As a boy prodigy, Boris accomplished feats that would have been worthy of a first-class adult master, with a second place at the age of 14 in the Leningrad championship followed by his first venture abroad, to the Bucharest international tournament in 1953. This was won convincingly by Spassky’s trainer, Tolush, but the 15-year-old Spassky had the remarkable result of tying for fourth place with established Grandmasters Isaac Boleslavsky and Laszlo Szabo.

In 1955 Boris won the World Junior Championship at Antwerp and in the same year he qualified for the World Championship candidates tournament from the Gothenburg Interzonal. The following year showed a great advance. He tied for first place in the Soviet championship and came equal third in the Candidates Tournament in Amsterdam.

In 1961 Spassky won the Soviet championship for the first time and thereafter he climbed his way to the World Championship with a steady and sure grip. In 1964 he qualified from the Amsterdam Interzonal for the candidates which (at the behest of Bobby Fischer) had now become a series of matches, and then the following year he beat Paul Keres, Mikhail Tal and Efim Geller in successive matches. 

In the contest for the World Title against Tigran Petrosian, he lost narrowly, by 11½ to 12½ points, but later in 1966 Spassky demonstrated that he had now become the leading tournament player in the world, by winning first prize in the very strong Piatigorsky Cup event at Santa Monica, ahead of a host of notables, including Fischer, Larsen, Petrosian and Donner who finished in last place, thus demonstrating the powerful nature of the competition.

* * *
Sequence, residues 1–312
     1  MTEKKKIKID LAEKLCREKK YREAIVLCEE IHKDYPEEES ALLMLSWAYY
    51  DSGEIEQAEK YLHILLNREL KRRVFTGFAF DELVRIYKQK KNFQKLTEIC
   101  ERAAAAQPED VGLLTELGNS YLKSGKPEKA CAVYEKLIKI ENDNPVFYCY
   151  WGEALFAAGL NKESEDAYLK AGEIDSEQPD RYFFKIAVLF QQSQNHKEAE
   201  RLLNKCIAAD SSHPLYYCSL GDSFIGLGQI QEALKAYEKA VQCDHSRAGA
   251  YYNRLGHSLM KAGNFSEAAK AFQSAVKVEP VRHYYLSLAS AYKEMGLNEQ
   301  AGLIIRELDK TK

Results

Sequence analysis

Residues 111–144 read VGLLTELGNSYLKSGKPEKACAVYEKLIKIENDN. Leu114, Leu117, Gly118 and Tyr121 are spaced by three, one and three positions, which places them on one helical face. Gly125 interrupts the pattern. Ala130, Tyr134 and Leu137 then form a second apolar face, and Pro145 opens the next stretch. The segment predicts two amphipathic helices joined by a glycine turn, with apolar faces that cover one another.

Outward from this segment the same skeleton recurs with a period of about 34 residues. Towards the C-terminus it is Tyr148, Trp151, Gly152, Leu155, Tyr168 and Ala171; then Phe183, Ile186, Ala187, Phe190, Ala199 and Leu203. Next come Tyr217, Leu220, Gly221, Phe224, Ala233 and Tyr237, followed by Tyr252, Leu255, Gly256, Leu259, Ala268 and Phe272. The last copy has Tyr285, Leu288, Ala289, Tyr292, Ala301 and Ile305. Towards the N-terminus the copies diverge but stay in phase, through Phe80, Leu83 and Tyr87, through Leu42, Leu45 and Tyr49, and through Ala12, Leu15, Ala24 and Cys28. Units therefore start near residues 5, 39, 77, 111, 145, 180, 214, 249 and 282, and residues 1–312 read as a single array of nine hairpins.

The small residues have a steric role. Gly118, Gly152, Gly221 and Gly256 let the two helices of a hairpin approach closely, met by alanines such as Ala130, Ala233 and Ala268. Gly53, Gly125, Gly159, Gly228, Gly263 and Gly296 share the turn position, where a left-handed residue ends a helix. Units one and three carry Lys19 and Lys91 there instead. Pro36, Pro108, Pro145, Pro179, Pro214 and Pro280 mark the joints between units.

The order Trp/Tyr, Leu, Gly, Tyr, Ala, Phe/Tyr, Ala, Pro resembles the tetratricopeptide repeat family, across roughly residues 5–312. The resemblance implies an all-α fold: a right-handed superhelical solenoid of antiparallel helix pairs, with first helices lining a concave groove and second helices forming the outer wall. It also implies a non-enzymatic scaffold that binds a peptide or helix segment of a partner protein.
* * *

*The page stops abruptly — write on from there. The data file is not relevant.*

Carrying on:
Then, in 1968, Spassky fought his way back through the candidates, beating first Geller, then Bent Larsen and finally Viktor Korchnoi, winning against this last formidable opponent by 6½ to 3½ points. In 1969 he became World Champion, beating Petrosian by 12½ to 10½ points.

As World Champion he seemed in good form, but by 1972 it was apparent that his play had become insecure, after the chaos of conflicting negotiations with the Challenger Bobby Fischer, in which Spassky‘s chivalrous generosity, in not standing up for his own rights, won him the admiration of the world, but ultimately cost him his title. This remarkable match, played at Reykjavík, ended in an easy victory for Fischer by 12½ points to 8½.

Boris Spassky defeats Bobby Fischer at Siegen, Germany, in 1970 (Alamy)

Fate had decreed that, from the late 1950s onwards, Boris Spassky and Bobby Fischer should be rivals, and that one day they would meet in the Cold War chess match of the century. Their first encounter had been in a tournament in South America, where Bobby Fischer refuted Spassky‘s opening and built up a winning position, only to lose the thread of the game. The next time they were to meet in an individual tournament was in 1966 at the Piatigorsky Cup in Santa Monica, where Spassky finished in first place and beat Fischer in their one decisive game. Four years were to pass before they again had a decisive result. Once again, at the Siegen 1970 Olympiad, Spassky emerged victorious, but by now Fischer had become determined to take the World Championship away from the Russians and in 1972 he did so, in a match that made headlines all the world over.